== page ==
Foreign currency transaction gains or (losses) included in net other (income) expense (in thousands):

  September 29,         September 30,         October 1,  
(in thousands)  2007   2006   2005  
Gain or (loss) from forward exchange  $  2,775   $  1,998   $ (839 ) 
contracts           
Other foreign currency gain or (loss)    (3,024 )    (2,594 )  949  
Net gain or (loss) from foreign currency           
transactions  $  (249 )  $  (596 )  $ 110  

Note G.—Retirement and Profit-Sharing Plans

     The Company sponsors a 401(k) retirement plan for all of its employees meeting minimum eligibility requirements. The plan provides Company matching contributions of 50% of each dollar of employee elective deferral contributions, up to 3% of the employee’s compensation. Company contributions for this plan were approximately $210,000, $299,000 and $372,000 for the years ended September 29, 2007, September 30, 2006 and October 1, 2005.

Note H.—Research and Development Costs

     The Company incurred research and development costs of approximately $3,401,000, $4,538,000 and $5,839,000 for the years ended September 29, 2007, September 30, 2006 and October 1, 2005.

Note I.—Foreign Operations and Significant Customers

     The Company continues to increase the functions performed in its Asian operation located in Lamphun, Thailand in order to take advantage of the proximity to customers and favorable labor and operating costs. The Company had aggregate export sales of $84,328,000; $164,089,000 and $185,964,000 for the years ending September 29, 2007; September 30, 2006 and October 1, 2005, principally to Pacific Rim customers. With respect to foreign operations for the years ended September 29, 2007 and September 30, 2006, long-lived assets of $44,324,000 and $43,351,000 were located in Thailand.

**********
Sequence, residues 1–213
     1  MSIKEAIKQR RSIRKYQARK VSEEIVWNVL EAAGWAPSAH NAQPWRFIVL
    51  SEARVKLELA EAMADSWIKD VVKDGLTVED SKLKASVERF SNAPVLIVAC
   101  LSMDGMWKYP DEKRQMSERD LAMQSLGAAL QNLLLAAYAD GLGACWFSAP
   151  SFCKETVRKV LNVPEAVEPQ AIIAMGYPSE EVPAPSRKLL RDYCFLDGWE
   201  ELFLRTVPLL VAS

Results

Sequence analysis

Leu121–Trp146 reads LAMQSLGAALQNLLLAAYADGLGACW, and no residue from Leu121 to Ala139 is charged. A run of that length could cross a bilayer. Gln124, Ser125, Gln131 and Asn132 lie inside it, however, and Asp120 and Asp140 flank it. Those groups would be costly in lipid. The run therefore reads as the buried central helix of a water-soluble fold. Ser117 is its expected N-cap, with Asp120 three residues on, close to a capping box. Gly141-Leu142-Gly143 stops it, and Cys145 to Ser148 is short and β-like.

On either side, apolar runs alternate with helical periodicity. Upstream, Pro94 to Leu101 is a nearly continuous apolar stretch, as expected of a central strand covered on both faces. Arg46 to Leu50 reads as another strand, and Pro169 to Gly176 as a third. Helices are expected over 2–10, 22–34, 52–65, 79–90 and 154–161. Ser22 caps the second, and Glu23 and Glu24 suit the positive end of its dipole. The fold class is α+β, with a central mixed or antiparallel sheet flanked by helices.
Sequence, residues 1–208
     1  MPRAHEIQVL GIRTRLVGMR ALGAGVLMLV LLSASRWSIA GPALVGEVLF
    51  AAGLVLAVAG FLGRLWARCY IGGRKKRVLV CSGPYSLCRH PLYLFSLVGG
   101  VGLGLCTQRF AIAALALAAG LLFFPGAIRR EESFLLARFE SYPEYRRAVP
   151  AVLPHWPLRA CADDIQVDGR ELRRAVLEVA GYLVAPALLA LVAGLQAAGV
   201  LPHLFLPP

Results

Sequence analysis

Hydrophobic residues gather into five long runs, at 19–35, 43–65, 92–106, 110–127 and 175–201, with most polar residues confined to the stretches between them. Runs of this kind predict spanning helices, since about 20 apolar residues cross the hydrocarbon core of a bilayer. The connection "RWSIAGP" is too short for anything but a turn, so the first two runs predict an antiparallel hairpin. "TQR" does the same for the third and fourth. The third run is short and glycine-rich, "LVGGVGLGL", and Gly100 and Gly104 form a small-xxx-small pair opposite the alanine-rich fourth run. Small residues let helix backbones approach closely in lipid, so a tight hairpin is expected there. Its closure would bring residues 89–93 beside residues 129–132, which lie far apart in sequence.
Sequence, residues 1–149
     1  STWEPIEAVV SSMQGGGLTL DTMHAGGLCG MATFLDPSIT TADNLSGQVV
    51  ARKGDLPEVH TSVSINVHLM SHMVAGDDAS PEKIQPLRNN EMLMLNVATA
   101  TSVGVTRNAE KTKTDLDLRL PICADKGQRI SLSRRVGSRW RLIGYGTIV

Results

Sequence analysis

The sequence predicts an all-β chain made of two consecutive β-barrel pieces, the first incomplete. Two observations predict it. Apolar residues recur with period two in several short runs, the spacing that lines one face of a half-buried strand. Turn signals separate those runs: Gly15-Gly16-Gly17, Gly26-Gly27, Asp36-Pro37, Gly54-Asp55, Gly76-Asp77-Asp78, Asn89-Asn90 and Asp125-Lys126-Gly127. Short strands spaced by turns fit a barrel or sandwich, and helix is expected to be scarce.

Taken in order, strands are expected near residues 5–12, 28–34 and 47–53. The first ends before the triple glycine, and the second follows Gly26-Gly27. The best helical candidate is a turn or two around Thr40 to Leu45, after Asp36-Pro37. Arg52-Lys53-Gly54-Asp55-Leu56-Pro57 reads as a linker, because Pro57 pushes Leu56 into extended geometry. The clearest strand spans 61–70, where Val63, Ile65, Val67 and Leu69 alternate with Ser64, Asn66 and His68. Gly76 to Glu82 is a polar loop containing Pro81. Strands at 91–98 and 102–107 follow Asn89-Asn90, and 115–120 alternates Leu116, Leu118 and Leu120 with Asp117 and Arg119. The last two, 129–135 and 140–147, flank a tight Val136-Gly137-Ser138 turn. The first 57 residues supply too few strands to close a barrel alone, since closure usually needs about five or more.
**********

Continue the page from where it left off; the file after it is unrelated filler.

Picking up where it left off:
International net sales concentrations for fiscal years in excess of 10% were:

    2007         2006         2005  
Thailand  54 %  62 %  65 % 
Republic of China  25   26   26  
Singapore  16   6   1  

Revenues from three customers made up a significant portion of the Company's total net sales during the years ending:

  September 29,         September 30,         October 1,  
  2007   2006   2005  
Seagate  66 %  73 %  73 % 
Hitachi Global Storage  17   6   2  
Philips/TPO  11   14   15  

48 


     Seagate acquired Maxtor in May 2006. Maxtor activity has been combined with Seagate activity for prior year presentation purposes. Philip’s Mobile Display Systems business unit was merged with Toppoly Optoelectronics Corporation of Taiwan to create a new company called TPO in November 2005.

     Accounts receivable from the above three customers are 93% and 79% of the Company's accounts receivable at September 29, 2007 and September 30, 2006.

Note J.—Commitments and Contingencies